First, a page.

In response to the Cambridge Analytica and Facebook scandal, CEO and founder, Mark Zuckerberg, posted an apology to his personal Facebook status last month.
In comparison to apologies made by other top executives in times of crises, I’d say Zuckerberg’s apology was well-executed. While there wasn’t an explicit “we’re sorry,” he did say “we also made mistakes, there’s more to do, and we need to step up and do it.” Because the scandal centers around a data breach, I think his detailed explanation of steps Facebook will take to prevent a breach in the future was informative and helpful as a user of Facebook.
In regards to crisis communications, elements of an effective apology from an organization include:
- Acknowledgment of responsibility
- Offer of repair
- Expression of regret
- Explanation of what went wrong
- Declaration of repentance
- Request for forgiveness
Zuckerberg acknowledged responsibility by stating: “I started Facebook, and at the end of the day I’m responsible for what happens on our platform.” His offer of repair is thorough as he states three steps in which Facebook will try to prevent instances like this one from happening in the future. His expression of regret may not seem genuine, but Zuckerberg is not generally known as someone with a warm personality. Through a timeline of events, he explains what went wrong with Facebook and Cambridge Analytica. He is forward-looking when stating “we will learn from this experience to secure our platform further and make our community safer for everyone going forward.” Although he does not explicitly request forgiveness, he encourages users to “continue to believe in [their] mission and work to build this community together.”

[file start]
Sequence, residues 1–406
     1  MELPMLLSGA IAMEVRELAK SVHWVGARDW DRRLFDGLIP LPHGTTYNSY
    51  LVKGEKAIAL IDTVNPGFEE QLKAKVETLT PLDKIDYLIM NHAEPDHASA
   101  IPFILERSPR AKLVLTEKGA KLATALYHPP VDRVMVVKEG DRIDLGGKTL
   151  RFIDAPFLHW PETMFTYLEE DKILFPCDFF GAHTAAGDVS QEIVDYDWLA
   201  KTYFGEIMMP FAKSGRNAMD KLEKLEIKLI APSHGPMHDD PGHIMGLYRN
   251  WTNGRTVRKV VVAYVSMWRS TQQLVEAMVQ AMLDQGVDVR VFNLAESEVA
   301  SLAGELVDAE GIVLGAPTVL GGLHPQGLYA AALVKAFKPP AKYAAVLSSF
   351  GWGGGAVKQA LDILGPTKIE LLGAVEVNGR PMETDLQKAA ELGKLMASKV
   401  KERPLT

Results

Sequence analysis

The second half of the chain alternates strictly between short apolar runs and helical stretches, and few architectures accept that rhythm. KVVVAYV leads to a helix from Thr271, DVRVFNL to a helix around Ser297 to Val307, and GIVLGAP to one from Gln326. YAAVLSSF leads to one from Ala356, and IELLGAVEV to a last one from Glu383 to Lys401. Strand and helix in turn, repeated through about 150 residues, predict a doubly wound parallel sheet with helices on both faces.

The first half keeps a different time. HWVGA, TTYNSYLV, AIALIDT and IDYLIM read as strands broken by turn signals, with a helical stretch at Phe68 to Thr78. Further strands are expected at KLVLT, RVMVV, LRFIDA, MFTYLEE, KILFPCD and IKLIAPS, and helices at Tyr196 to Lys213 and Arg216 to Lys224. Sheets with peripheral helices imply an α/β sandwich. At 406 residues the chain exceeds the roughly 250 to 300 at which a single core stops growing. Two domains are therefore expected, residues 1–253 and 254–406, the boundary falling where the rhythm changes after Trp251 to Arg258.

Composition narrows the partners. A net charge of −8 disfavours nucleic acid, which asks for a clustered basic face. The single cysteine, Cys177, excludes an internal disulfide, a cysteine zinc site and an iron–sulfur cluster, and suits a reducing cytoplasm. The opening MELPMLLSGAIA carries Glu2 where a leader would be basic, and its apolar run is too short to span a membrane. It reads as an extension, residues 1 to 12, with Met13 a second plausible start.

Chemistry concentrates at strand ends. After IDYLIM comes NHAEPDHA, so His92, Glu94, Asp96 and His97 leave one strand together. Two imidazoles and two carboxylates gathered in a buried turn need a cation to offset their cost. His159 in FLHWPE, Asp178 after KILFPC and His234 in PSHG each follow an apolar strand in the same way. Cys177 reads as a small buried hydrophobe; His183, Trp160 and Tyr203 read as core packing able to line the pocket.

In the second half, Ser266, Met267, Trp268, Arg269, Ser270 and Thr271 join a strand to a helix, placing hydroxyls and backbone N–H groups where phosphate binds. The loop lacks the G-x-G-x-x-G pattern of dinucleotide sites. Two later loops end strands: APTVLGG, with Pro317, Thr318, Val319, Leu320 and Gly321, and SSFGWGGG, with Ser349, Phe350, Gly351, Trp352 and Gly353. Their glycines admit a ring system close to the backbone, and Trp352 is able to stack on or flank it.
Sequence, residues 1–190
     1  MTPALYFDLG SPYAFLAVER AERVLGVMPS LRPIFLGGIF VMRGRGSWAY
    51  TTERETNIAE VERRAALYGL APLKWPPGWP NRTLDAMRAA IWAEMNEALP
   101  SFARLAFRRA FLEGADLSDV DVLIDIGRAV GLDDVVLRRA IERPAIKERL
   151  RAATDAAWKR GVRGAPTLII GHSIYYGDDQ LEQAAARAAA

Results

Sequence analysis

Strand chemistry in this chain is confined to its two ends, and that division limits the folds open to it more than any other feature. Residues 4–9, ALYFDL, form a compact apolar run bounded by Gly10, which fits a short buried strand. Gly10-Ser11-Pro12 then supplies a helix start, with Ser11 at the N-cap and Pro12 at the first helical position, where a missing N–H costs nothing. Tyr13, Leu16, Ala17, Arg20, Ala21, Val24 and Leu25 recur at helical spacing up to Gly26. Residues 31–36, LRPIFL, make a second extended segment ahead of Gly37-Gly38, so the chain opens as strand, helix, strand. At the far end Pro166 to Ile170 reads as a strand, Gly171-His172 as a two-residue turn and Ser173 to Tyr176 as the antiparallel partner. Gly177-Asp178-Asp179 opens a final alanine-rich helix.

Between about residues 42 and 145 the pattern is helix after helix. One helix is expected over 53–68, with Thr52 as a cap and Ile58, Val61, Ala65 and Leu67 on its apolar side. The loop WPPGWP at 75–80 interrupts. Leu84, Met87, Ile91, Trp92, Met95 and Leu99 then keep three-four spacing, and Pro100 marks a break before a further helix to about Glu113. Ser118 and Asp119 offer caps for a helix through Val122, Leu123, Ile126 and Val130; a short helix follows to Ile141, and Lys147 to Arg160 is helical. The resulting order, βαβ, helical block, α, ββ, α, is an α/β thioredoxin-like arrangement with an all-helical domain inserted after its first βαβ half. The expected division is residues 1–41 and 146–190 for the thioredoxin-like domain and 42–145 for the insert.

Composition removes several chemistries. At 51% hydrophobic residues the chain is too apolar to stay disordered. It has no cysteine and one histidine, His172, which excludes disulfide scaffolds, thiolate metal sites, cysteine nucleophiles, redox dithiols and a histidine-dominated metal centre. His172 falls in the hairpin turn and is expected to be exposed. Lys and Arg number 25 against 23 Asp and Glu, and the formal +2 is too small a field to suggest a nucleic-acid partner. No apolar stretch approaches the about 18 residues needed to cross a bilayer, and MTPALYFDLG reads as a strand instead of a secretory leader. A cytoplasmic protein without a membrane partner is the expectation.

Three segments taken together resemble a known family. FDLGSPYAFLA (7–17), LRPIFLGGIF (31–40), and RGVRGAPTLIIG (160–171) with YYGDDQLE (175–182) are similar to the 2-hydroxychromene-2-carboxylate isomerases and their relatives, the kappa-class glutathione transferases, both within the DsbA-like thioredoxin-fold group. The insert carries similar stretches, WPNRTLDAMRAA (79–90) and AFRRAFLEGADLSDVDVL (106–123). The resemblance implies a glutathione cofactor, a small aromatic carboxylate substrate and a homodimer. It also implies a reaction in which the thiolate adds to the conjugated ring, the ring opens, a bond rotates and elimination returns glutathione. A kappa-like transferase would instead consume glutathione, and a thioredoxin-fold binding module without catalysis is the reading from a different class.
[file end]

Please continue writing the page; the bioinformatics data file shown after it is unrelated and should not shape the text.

Although Zuckerberg does not hit all aspects of the elements of an effective apology, I believe the elements he did touch on were thorough, detailed, honest and transparent.